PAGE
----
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Friday, August 13, 2010

Increasing the survivability of your hand tools.

A set of carpentry tools found on board the ca...Image via Wikipedia
When the ballon goes up we are going to have to revert to hand tools pretty quickly when the grid goes down so while we have it best make use of it to enhance the survivability of our hand tools.

There is a old and very true saying that says, "A man is no better than his tools" which I have found to be quite true all my life. Lack of a simple tool can mean the difference of how well something is done. For instance what good is a hammer with a broken handle? Plastic handles are available these days but they are very expensive.

Was out in my shop the other day and ran across a hammer head with handle broken off cleanly where they always do right at the junction of the head/handle area.
Since I was going to the lumber yard anyway I decided to get a handle and what I saw made me cringe as I knew the wood handles were designed to fail easily at the same place so I decided to see what I could do to increase the survivability of this simple but highly effective hand tool.

I left the lumber yard and stopped at a Ace Hardware store and found a really neat and nifty hammer handle for a baby sledge. Basically it was for the 3 lb hammers and are designed for heavy beating and remarkably one rarely sees one broken and they are made leaving more wood right up to the base of the hammer head.

Thinking on it as I drove home I thought what can I do to increase the survivability of this handle and it dawned on me how to do so.

Got home and was starting to get handle out which is normally done in a vice and a drill is used to remove the broken handle. I quickly determined a easier method - arbor press ! ! ! Set hammer upside down , found a small section of steel rod and placed it on bottom of handle and though still very tight it eased right out cleanly making a 30 minute job into 45 seconds.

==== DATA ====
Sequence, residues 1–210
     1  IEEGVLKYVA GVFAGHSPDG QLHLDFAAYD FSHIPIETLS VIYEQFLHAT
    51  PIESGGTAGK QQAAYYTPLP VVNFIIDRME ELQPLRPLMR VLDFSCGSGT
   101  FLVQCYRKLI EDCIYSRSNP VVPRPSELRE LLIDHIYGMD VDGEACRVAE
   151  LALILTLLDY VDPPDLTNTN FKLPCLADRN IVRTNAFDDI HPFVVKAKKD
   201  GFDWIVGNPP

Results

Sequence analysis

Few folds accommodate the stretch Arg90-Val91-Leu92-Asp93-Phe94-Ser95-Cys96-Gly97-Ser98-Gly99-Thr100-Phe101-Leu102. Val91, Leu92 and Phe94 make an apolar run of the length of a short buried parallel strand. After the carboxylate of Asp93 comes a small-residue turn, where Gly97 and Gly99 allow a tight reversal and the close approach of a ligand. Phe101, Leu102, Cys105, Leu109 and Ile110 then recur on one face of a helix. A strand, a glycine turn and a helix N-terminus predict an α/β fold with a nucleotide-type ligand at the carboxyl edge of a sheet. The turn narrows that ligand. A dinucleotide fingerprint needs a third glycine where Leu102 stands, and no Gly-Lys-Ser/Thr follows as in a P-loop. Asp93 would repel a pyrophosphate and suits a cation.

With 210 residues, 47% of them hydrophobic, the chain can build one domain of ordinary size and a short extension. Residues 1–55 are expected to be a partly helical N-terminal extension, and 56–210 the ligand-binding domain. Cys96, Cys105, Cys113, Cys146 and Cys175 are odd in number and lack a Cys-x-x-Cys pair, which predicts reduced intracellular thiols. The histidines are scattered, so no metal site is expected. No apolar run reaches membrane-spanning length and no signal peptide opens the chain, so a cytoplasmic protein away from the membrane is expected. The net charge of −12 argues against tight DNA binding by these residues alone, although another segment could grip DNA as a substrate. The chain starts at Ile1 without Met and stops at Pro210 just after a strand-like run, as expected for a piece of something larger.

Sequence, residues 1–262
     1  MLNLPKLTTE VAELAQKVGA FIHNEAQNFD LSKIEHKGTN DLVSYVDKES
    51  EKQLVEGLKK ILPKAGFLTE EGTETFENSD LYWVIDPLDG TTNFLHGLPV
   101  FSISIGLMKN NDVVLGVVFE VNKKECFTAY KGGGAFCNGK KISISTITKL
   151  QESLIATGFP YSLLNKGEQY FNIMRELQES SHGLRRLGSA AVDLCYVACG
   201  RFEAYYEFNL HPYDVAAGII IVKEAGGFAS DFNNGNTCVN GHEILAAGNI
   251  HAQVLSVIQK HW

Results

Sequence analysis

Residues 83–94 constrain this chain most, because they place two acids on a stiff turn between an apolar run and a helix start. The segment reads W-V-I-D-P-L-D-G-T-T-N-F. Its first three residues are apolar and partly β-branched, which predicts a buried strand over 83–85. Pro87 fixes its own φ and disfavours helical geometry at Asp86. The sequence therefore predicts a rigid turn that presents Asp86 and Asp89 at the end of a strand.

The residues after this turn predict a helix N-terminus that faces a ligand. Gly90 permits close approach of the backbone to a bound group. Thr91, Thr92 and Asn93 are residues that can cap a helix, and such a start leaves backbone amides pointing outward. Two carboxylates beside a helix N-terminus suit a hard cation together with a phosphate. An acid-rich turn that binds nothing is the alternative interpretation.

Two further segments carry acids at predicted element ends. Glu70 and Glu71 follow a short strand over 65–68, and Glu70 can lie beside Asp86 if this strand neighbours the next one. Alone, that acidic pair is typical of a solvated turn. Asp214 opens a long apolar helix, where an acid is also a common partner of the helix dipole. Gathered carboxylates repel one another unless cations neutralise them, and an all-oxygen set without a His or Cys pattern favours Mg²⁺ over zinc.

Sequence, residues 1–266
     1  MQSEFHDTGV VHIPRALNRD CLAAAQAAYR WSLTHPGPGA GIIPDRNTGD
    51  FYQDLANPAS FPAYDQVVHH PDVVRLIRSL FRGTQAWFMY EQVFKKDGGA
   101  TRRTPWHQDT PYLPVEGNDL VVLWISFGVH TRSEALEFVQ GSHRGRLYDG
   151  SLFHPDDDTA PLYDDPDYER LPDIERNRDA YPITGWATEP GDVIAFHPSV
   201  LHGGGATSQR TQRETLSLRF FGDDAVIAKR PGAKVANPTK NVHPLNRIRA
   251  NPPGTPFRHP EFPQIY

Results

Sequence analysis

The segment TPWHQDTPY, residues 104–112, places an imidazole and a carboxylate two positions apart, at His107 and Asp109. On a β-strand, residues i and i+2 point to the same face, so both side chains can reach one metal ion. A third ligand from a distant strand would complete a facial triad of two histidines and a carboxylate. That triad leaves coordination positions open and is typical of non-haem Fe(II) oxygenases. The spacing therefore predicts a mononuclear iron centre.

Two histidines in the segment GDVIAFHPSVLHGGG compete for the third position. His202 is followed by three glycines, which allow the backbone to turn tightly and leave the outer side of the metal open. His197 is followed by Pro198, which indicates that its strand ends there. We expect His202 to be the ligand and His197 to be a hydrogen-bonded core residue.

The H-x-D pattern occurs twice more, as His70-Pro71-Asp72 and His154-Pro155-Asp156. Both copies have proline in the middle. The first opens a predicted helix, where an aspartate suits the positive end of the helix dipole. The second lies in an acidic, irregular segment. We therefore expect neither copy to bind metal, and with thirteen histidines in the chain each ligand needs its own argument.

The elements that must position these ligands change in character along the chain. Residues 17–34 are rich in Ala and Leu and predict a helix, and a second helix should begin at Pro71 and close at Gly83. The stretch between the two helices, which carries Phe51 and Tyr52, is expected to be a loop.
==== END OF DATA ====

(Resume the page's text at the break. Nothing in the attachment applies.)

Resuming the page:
Next I drilled a 4 inch deep hole down through top of handle with a 1/4" drill. Then I cut a piece of "all thread" or theaded rod 4" long that dropped easily in and out of the hole. After cutting the all thread to length I cut a notch in one end so a common screwdriver could be used to turn it.

Next I dressed the handle down to easily go into the hammer head with plenty of clearance all around and this left open gaps at the bottom of the bottom of the handle. This area was wrapped with masking them to keep the next step in place.

Next I mixed up a goodly amount of Devcon 2 Ton Epoxy. There are several variations but you want the slow setting stuff and it is much tougher. As a rule of thumb the slower epoxy sets up the stronger it is.
I made sure to mix the 2 part epoxy very well (directions say one minute but I go for two minutes with a spatula. After mixing well I set the hammer handle up in a vice held in vertical position with head in place but not the "all thread" and started to fill the deep hole first letting the overage fill the rest of the hammer "eye" hole.

Into this I inserted the all thread and started turning it with a screw driver as it went in so the thead and epoxy will have full contact. When it was just about in I pulled it out to insure there was 100% coverage of the theads.

I filled the opening to the top of the hammer head and left it just above the surface so it would flow over about 1/8" on all sides and left it to cure so now the hammer head is secured by 2 Ton epoxy to the handle which has been reinforced for all thead and all bonded together making the handle far stronger than a conventional wood handle increasing its survivability in the process.

Next I am going to take a sling stud for a rifle stock (the small theaded portion with a hole in it for sling swivel) and drill another 1/4" hole in bottom of handle and set the sling stud in 2 ton epoxy and a piece of parachute 550# cord through the hole with a loop long enough to wrap around my thumb, go around the back of my hand. This does two things, it really secures the handle in your hand so it won't slip out whether you are wearing gloves or not.
It also provides a security loop for carrying.

Note: running screws into wood only is a wasted exercise as the theads will just strip out from the end grain but this situation can be fixed by first cross drilling the handle at right angle to the grain and inserting a wood or steel dowel rod then drilling up through base into the dowel giving the threads far stronger attaching point with epoxy securing the dowel and sling stud to the handle which will also strengthen the base of the handle from chipping off.

Note the ice axes mountain climbers use; they all have similar set ups so they can let go of the tool and use their hands when needed and not worry about it falling never to be seen again.
Obviously the same and similar thing can be done with hatchets, axes, rakes, hoes etc increasing the survivability.